Monday, August 19, 2019

Norman Regional Health System pediatric hospitalist Dr. Kate Cook is urging parents to keep their children in rear-facing car seats as long as possible. To make sure they get the message, Dr. Cook is explaining the updated car seat recommendations in a parody rap video.

“It can be confusing for parents when the recommendations keep changing,” said Dr. Cook. “But we know they want to have the correct information so they can keep their kids as safe as possible. We thought this would be a fun way to give them that.”

The video, titled “Babies Face Back,” details the recommendations from the American Academy of Pediatrics (AAP).

Car Seat Safety Event

Proper car seat installation is also crucial. If you need help installing a car seat or want to make sure yours is in correctly, please come to Norman Regional Health System’s Car Seat Safety Event with the Norman Fire Department, Norman Police Department and Cleveland County Health Department. It’s being held Sept. 12 from 3-6 p.m. at Norman Regional HealthPlex, 3300 HealthPlex Parkway in Norman, OK.

According to the AAP, when a child rides rear-facing, the head, neck, and spine are all supported by the hard shell of the car safety seat, allowing the car seat to absorb most of the crash forces, and protecting the most vulnerable parts of the body. When children ride forward-facing, their bodies are restrained by the harness straps, but their heads – which for toddlers are disproportionately large and heavy – are thrown forward, possibly resulting in spine and head injuries.

“Switching from rear-facing to forward-facing is a milestone many parents can’t wait to reach,” said Dr. Cook. “But this is one area where you want to delay the transition as long as possible because each one actually reduces the protection to the child.”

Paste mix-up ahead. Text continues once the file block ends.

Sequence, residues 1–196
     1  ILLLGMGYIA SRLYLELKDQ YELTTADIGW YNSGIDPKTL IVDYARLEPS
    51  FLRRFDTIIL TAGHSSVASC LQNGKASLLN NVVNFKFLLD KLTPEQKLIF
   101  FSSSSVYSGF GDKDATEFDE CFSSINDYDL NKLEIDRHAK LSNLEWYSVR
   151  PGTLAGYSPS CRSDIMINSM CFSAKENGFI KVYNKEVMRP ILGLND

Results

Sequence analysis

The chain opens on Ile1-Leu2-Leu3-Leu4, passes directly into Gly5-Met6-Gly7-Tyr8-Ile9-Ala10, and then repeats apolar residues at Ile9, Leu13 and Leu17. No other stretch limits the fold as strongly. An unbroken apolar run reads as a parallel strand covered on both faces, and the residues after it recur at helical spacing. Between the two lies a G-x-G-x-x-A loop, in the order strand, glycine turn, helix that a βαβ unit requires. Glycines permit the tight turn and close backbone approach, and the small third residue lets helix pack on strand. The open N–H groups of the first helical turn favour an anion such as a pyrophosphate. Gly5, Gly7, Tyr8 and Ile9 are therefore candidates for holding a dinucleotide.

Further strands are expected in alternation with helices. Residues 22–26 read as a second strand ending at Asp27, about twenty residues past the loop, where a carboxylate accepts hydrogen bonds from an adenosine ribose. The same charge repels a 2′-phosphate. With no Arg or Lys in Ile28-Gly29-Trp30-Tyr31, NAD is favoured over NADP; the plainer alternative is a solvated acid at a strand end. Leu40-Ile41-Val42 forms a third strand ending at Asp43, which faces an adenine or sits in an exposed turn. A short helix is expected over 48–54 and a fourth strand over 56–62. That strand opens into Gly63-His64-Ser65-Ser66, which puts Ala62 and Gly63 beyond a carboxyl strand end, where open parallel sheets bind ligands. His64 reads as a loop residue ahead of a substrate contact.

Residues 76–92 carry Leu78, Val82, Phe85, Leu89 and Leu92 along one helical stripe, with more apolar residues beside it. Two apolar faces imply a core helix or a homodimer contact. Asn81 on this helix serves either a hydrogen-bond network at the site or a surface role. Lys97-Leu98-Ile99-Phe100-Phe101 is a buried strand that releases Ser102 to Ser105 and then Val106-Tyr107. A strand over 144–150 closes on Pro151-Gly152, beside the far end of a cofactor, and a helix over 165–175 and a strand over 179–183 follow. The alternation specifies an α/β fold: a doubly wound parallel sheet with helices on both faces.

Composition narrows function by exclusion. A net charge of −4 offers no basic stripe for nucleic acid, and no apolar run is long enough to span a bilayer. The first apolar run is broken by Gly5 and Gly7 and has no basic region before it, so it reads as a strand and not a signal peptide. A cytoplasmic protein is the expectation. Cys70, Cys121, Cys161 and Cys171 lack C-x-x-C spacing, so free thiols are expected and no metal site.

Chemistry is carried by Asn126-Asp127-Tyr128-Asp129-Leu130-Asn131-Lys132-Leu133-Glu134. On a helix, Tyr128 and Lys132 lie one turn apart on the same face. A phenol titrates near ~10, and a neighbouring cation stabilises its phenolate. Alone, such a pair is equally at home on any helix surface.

The Recommendations

The AAP recommends:

  • Infants and toddlers should ride in a rear-facing car safety seat as long as possible, until they reach the highest weight or height allowed by their seat.
  • Once they are facing forward, children should use a forward-facing car safety seat with a harness for as long as possible, until they reach the height and weight limits for their seats. Many seats can accommodate children up to 65 pounds or more.
  • When children exceed these limits, they should use a belt-positioning booster seat until the vehicle’s lap and shoulder seat belt fits properly. This is often when they have reached at least 4 feet 9 inches in height and are 8 to 12 years old.
  • When children are old enough and large enough to use the vehicle seat belt alone, they should always use lap and shoulder seat belts for optimal protection.
  • All children younger than 13 years should be restrained in the rear seats of vehicles for the most protection.

Experts say using the correct car safety seat or booster seat lowers the risk of death or serious injury by more than 70 percent.